Retirement homes - Questions & Answers

Boomers make money rocking on the porch

Ozzie Jurock

Vancouver Sun

July 17, 2004

Aging baby boomers -- and what a drag it is getting old -- can take solace in the fact that the B.C. housing market could hardly be kinder to them.

Those who own a home have seen historical appreciation and now they can not only choose from a bewildering array of retirement housing (no one calls them old folks homes anymore except the old folks) and can even make money in real estate while they rock on the porch.

In Greater Vancouver there are now 4,827 units of "congregate" housing that provide housekeeping, laundry and meals, up 34 per cent from just a year ago.

One-quarter are located in Vancouver; the rest mostly in Burnaby, White Rock, Langley and the Tri-Cities area.

Seniors housing is now the fastest-growing niche in the housing market and with the number of seniors over age 75 expected to increase significantly over the next 15 years, it will remain there.

Some of the higher-end projects (rents from $4,000 and up per month) have spas, fitness centres and theatre-style media rooms, beauty salons and libraries.

So how can an investor benefit from the trend?

The demand for retirement housing in B.C. is so pronounced that you can make money in the sector while waiting to retire. Investment options range from buying into a fee-simple retirement community, buying a suite in a retirement rental pool or buying shares in real estate investment trusts that specialize in the seniors market.

"If there was ever a growth market this is it," said Gerald Parfeniuk, president of Cares Real Estate Marketing Corp. (www.caresmarketing.com/) of Coquitlam who has worked with a number of developers of strata retirement communities.

An example is the St. Andrew Lane golf-course-linked community at Parksville on Vancouver Island. At St. Andrews, homes start at around $275,000. A typical buyer selling a $600,000+ house in Greater Vancouver, can buy a retirement home and invest the rest.

CPAC, a Langley-based company (www.cpac-care.com/), takes a different approach. Having finished its White Rock (Crescent Gardens) and Langley (Langley Gardens at Walnut Grove) they now offer a third phase for the 55-plus retiree.

Says Linda Prout (604-806-1093): "This development has the 'New York' lifestyle complete with concierge and an 'upscale' environment."

Two-bedroom units in the Langley complex will range from $180,000 to $280,000 for some 1,280 square feet. Prout: "Seniors are looking for lifestyle, security and will use the large size TV, card rooms and special exercise equipment." Having a very successful project, the company now is opening in Qualicum . . . The Gardens at Qualicum Beach with display suite open June 3.

Some of the retired owners invest in real estate investment trusts and publicly listed companies that focus on the retirement housing market.

The biggest in Canada is Toronto-based Retirement Residences REIT, which recently purchased Lifestyle Retirement Communities Ltd. for $140 million in a joint venture with the Canada Pension Plan Investment Board.

Investors can also buy full-service retirement suites directly which are then placed in an organized rental agreement.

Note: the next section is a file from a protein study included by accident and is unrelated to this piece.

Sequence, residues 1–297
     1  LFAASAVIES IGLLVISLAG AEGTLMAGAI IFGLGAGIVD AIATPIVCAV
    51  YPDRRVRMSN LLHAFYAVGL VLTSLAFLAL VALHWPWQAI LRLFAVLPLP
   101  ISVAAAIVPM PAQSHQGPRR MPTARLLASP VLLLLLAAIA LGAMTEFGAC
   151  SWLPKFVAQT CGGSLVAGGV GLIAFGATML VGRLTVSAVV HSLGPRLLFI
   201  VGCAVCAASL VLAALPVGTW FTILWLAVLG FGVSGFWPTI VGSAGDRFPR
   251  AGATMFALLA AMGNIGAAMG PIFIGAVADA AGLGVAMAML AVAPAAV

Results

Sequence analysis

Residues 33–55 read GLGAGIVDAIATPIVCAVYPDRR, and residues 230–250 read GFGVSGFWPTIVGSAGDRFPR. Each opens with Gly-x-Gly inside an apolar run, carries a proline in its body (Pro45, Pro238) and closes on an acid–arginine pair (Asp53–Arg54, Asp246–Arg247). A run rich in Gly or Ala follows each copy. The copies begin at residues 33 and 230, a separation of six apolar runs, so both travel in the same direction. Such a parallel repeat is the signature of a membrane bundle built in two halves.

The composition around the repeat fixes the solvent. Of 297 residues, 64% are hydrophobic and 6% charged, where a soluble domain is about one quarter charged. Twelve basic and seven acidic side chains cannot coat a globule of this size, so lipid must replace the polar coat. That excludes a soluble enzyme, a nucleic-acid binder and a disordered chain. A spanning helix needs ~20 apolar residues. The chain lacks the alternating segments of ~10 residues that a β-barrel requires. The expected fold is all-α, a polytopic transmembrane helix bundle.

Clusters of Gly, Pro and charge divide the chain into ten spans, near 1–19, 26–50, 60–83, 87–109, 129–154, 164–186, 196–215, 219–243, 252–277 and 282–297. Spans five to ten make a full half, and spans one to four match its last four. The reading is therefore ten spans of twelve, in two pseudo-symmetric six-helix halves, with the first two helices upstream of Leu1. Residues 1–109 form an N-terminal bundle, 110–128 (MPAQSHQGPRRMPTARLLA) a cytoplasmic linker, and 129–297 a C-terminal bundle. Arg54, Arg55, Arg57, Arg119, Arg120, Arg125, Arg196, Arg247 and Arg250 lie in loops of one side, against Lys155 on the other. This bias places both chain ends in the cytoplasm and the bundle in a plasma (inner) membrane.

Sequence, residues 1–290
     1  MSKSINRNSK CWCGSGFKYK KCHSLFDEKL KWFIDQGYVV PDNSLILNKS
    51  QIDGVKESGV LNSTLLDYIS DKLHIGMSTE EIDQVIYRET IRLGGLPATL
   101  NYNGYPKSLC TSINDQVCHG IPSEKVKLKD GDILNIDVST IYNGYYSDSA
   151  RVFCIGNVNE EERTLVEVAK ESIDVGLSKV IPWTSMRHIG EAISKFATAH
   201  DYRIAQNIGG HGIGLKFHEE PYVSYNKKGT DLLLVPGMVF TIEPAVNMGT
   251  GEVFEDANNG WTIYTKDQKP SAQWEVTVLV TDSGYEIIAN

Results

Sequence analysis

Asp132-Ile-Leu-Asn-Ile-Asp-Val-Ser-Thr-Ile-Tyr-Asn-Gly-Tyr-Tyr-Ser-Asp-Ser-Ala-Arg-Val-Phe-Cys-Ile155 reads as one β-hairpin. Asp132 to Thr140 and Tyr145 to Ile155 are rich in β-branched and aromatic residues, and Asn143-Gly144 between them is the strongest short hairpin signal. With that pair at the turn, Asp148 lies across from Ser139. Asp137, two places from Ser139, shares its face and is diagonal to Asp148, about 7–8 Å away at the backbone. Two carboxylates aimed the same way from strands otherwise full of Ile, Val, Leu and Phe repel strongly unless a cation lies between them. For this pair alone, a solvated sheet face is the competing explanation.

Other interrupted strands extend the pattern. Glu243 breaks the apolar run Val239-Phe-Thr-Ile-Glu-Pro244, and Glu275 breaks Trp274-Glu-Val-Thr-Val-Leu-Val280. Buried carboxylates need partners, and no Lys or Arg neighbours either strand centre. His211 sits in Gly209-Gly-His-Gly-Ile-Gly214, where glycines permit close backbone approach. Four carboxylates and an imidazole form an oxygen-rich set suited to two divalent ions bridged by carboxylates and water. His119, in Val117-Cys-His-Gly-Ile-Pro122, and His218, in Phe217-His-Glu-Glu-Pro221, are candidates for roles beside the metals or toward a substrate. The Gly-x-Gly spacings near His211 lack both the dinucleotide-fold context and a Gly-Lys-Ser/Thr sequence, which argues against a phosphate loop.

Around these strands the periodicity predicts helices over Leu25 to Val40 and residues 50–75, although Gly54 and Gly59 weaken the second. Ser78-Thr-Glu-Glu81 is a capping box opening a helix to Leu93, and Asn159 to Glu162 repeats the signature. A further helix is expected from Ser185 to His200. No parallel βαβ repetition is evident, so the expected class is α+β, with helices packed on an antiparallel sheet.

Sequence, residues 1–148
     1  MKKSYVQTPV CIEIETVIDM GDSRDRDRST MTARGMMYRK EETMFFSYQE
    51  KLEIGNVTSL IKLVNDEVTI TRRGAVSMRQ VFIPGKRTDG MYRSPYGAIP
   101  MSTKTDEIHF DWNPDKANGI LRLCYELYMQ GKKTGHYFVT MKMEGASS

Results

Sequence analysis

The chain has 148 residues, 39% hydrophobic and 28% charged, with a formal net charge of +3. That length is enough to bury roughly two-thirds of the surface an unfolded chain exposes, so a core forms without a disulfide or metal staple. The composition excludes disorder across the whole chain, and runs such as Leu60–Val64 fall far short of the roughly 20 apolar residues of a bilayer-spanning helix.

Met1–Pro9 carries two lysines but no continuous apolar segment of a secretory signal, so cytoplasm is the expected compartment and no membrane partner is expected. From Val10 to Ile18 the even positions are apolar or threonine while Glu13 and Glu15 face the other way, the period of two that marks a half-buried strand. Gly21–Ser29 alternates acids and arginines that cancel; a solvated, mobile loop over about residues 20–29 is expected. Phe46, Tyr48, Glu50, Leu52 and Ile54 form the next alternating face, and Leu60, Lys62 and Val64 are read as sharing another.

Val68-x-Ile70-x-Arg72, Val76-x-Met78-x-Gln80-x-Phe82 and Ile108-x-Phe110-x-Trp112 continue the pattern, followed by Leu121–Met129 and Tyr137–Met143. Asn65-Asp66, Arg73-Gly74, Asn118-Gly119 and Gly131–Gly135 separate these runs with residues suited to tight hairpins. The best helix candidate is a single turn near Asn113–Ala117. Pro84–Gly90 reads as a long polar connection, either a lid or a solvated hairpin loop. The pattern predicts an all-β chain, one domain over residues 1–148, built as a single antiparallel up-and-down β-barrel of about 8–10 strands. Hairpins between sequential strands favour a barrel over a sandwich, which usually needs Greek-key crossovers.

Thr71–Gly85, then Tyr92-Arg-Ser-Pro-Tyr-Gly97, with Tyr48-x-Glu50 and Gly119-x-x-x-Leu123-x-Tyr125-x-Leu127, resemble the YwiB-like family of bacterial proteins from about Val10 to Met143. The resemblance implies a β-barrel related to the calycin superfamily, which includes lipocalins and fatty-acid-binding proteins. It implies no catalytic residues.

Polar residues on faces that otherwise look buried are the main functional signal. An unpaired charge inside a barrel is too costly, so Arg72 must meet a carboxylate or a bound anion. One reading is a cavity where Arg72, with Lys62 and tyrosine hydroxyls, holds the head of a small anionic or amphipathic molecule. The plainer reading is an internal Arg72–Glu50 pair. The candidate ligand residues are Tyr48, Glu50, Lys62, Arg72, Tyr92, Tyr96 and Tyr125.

Calgary-based Investicare Group Inc., which recently completed retirement lodges in Calgary and Red Deer, is an example.

Investicare does not build the retirement properties but arranges investment packages after buying the land and getting all permits in place. The retirement lodges are full service, meaning they offer the option of three meals a day, cleaning services and round-the-clock nursing care for those who need it. The average age of residents is 82 but investors can be of any age.

Investors own the suite outright. The suites can then be placed in a rental pool until the owners use it for their own retirement home. In Red Deer, for instance, the Investicare suites sell from $99,900 to $122,900 and typical rents are $1,395 to $1,995 per month. Investors have seen cash-on-cash returns of around nine per cent. When appreciation is factored in, long-term returns could be closer to 15 to 22 per cent.

Another Alberta developer is Leaside Developments. Reports Leaside's Michael Page: "We pick smaller communities that offer amenities suitable for retirement. They provide the users an incredible environment. For instance in Olds, Alta., our company offers in its Legacy Village (www.town.olds.ab.

ca/cib.html) full-size apartments designed with in-suite laundry and fully equipped kitchens -- independence, privacy but also companionship. Featured are heated parking, oak kitchens, nine-foot ceilings, two suite cleanings per month and yep -- you can have pets. Also offered are owner's lounge, private dining room, library and computer centres, exercise and games room, woodworking shop, hydro spa and guest suites. Having sold out Phase I, Phase II is now available from $116,900 to $206,900. Look it up at www.active-seniors-housing.com

Investing in the right retirement condo offers both stable rentals and potential appreciation. For instance, in the Legacy Village project you can invest, get a 10-per-cent return and rent the unit out for now and move in later. This type of investment will become an option-rich market -- benefits change from development to development.

As always, check out the owners and developers first . . . as in what did they build before and who can you call that bought one of their properties? Who does the management after all units are sold? Is there a rental pool and can you get out of you want to? Then shop for projects, realtors and developers just as you would for any other real estate.

 The Vancouver Sun 2004